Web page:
The Enigma of the Enigma Machine. First off there’s its mysterious name… And though its function remained a constant from the start you’ll be curious to know that those who used it and where it was used didn’t! Read on to clear up some of the grey shrouding this hard-to-understand invention!
A German born, cipher machine or more accurately an “electro-mechanical rotor cipher machine”, the device, as seen in the above photos, was used in and shortly after wartime to send secret messages when suspicions and tensions were high.
Inventor Arthur Scherbius came up with the ‘soon-to-be snatched up by the military’ machine, when the First World War came to an end. The intricacies of the design and complex nature of decryption definitely reflect the mind of its electrical engineer creator, however a military mind he was not.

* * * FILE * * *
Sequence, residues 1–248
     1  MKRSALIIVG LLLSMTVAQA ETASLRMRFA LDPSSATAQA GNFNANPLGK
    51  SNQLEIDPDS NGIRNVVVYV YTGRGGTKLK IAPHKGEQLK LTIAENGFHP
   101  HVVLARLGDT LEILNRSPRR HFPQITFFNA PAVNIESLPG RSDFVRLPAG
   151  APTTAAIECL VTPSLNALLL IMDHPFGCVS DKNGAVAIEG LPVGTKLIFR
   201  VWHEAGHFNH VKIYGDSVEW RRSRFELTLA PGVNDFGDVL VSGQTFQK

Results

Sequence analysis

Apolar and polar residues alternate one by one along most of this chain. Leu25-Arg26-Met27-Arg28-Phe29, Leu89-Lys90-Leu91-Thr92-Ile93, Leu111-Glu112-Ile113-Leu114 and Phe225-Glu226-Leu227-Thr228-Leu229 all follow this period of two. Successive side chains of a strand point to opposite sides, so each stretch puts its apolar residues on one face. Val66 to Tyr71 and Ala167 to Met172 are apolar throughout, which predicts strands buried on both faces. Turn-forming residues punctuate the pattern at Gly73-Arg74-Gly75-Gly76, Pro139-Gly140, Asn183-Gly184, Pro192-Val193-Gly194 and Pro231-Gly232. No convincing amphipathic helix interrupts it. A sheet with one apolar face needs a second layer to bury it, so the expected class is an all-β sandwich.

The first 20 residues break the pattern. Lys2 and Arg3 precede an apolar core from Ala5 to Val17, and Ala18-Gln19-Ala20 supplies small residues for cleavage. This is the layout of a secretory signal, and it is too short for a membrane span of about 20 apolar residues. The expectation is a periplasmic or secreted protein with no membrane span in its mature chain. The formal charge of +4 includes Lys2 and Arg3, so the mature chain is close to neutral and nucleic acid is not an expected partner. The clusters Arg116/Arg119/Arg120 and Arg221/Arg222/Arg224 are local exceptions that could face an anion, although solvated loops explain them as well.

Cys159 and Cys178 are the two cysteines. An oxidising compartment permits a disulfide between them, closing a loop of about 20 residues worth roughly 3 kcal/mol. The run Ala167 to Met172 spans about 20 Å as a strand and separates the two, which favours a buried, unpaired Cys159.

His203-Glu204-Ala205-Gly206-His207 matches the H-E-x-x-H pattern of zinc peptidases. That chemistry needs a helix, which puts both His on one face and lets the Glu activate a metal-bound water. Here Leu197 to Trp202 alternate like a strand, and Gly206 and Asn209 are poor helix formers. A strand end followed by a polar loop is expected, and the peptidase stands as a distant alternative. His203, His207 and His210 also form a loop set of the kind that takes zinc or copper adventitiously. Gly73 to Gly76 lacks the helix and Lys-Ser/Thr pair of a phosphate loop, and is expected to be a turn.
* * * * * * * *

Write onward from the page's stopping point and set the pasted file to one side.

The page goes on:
The contraption to make your motors go into overdrive from using was patented by Scherbius in 1918 with the intent for it to be used in banks and other commercial businesses for the handling of secure information. With the outbreak of the Second World War we wonder if he was surprised to see its quick adoption by several countries and implementation in their military.
A Chronology of Cryptography
Cryptography or secret message writing dates back to ancient times – before most people could even read and write! You can imagine the simple nature of these formats.
With the changing times, growing literacy, and demand for hidden messages among king, queens and sates to protect top-secret endeavors, the ‘classic cypher’ (a cypher that was most likely easy to confine to the mind and thus easy to break by expert decoders) had become very prone to being cracked.
In response to the demand for something more secure, the ‘cipher device’ was invented (the first being a cipher disk) and rose to popularity with fancy models, like the gold ‘cipher machine’ below in use in the 16th Century.